with Rev. Dawn Skerritt and First United Methodist Church:

As members of the clergy, we know that words have power. Power to heal or to harm, to build up or to tear down. We know that for those in positions of leadership, that power is magnified, and thus should not be taken lightly. Carelessness with words—particularly from those who have been vested with authority and charged with responsibility—is dangerous, even in the absence of any malice.

We do not know if Sheriff Jesse Slaughter has malice in his heart. That is known to him and to God alone. All we have are his words and actions.

These we condemn in the strongest possible terms.

In a radio interview on October 27th, Sheriff Jesse Slaughter used his words and social capital to make misleading, and even cruel, statements against the Rev. Dawn Skerritt, the First United Methodist Church, and the local unhoused population. A few days prior, an unhoused woman died on the property of First United Methodist Church. Her name was Dianna, and she had endured a lifetime of violence and neglect, and like so many people rich and poor, she suffered from the disease of alcoholism. Dianna died, according to the report released by Sheriff Slaughter in his role as coroner, from “natural causes” related to chronic alcoholism.  Dianna had sought local resources and had tried to find a way to move forward in her life.  However, the resources available and the care she needed were difficult for her to obtain.  The two-fold struggles of alcoholism and homelessness can be insurmountable for many individuals.  In Great Falls, the local Rocky Mountain Rehab program can cost in excess of $23,000.  Psychiatric care is difficult to access, and providers are often scheduled out several months, even for critical cases and for folks who have good insurance.  

In the interview, Slaughter blamed Rev. Dawn Skerritt and the First United Methodist Church for Dianna’s death, saying, “People are paying for it with their lives.”  He was referring to the outreach at the church even though his own report made clear that Dianna’s death, while tragic, was the result of natural causes related to chronic alcoholism.  

Sheriff Slaughter spoke in a demeaning way about Rev. Dawn Skerritt several times, but more than that, he belittled her title, authority, and education.  Referring to Rev. Skerritt as “preacher or whatever,” Sheriff Slaughter with his words undermined seven years of post-secondary education, an arduous process to serve in the capacity of minister within the United Methodist Church, and the many years of service she has dedicated to the church.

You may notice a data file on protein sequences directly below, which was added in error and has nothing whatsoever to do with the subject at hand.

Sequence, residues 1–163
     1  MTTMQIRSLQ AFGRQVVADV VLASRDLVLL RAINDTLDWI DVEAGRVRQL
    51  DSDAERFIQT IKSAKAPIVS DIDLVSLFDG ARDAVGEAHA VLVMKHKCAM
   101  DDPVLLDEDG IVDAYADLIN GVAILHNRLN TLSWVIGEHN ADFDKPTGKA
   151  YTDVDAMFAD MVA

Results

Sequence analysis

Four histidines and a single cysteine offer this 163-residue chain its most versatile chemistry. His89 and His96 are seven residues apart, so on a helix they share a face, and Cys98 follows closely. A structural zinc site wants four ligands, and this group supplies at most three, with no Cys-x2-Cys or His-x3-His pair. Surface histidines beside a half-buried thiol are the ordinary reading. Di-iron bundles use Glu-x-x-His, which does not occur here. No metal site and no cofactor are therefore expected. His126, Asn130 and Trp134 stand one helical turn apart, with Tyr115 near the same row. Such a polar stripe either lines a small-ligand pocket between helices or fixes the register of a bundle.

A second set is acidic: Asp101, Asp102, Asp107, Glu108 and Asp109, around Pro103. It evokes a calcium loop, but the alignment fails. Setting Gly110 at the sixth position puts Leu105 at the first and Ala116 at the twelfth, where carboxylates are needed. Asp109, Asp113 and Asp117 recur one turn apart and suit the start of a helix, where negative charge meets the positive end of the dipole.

This is an irresponsible, reprehensible use of the platform he has been given. Whether the words were spoken in outright malice, carelessness, or dangerous ignorance, Sheriff Slaughter’s comments are baseless and unbecoming of a public official.

If the community at FUMC did not exist and Dianna had never been there, would she not have still died from the disease of alcoholism? Maybe not. It’s possible that without a community of care, her life would have been claimed sooner by the violence she regularly experienced. Or else she might have frozen to death elsewhere due to lack of shelter.

In late March of this year, the remains of another unsheltered person—who remains unidentified—were found on the First Presbyterian Church property, having lain there through the winter. That church has not been blamed for the person’s death.  If one church is culpable for the death of a person on their property, are all churches responsible in the same manner?  How much more is a city or county culpable for the neglect and lack of care that allows such things to happen and be summarily forgotten? Sheriff Slaughter offers no such diatribe like the one he leveled at a person and a group of people attempting to solve the problem of unsheltered people in Great Falls that so many would prefer to ignore—or rather, to displace and forget. 

No one is claiming that the work of First United Methodist Church, now led by Rev. Skerritt, is an ideal solution. But an ideal solution does not exist, and as long as there are people in need, the Church will continue to try to meet those needs in spite of petty bullying by elected officials. 

In this interview, Sheriff Slaughter claims that the church is not inviting folks inside and caring for them, but FUMC is still providing warm clothing and food, and has even opened their building up as a warm space to spend the cold winter hours of evening when no other shelter is available. The exact solution that Sherriff Slaughter himself mentioned is what FUMC is doing, and trying to gain partners in trying to keep all of our community members safe and alive this winter.

Sheriff Slaughter has a choice to make: a choice between embracing a spirit of collaboration in fighting the ever-worsening crisis of homelessness in our community or living into a narrative of fear and bigotry. We pray that as a servant of the people he will choose the former, rescinding his hateful comments and pledging to work with those he has a duty to serve, whether they are housed or not. 

But until that time, we stand in solidarity and love with Rev. Skerritt, First United Methodist Church, and all who are victimized by a culture of neglect and fear.

Signed, the clergy of the Great Falls Ministerial Association.

Rev. Tammy Bull, New Hope Lutheran Church

Rev. Jessica Crane-Munoz, Sunrise Presbyterian Church

Rev. Barbara Gwynn, retired ELCA clergy

Rev. Scott Hedegaard, Redeemer Lutheran Church

Rev. Marcia Lauzon, Episcopal Diocese of Montana

Rev. Jessica Obrecht, Bethel Lutheran Church

Debra Oldfield, S.A.M., St. John’s Lutheran Church

Rev. John Ritchie, PCUSA clergy at-large

Rev. Lynne Spencer-Smith, First Congregational United Church of Christ

Rev. Stephen Underwood, Central Christian Church (Disciples of Christ)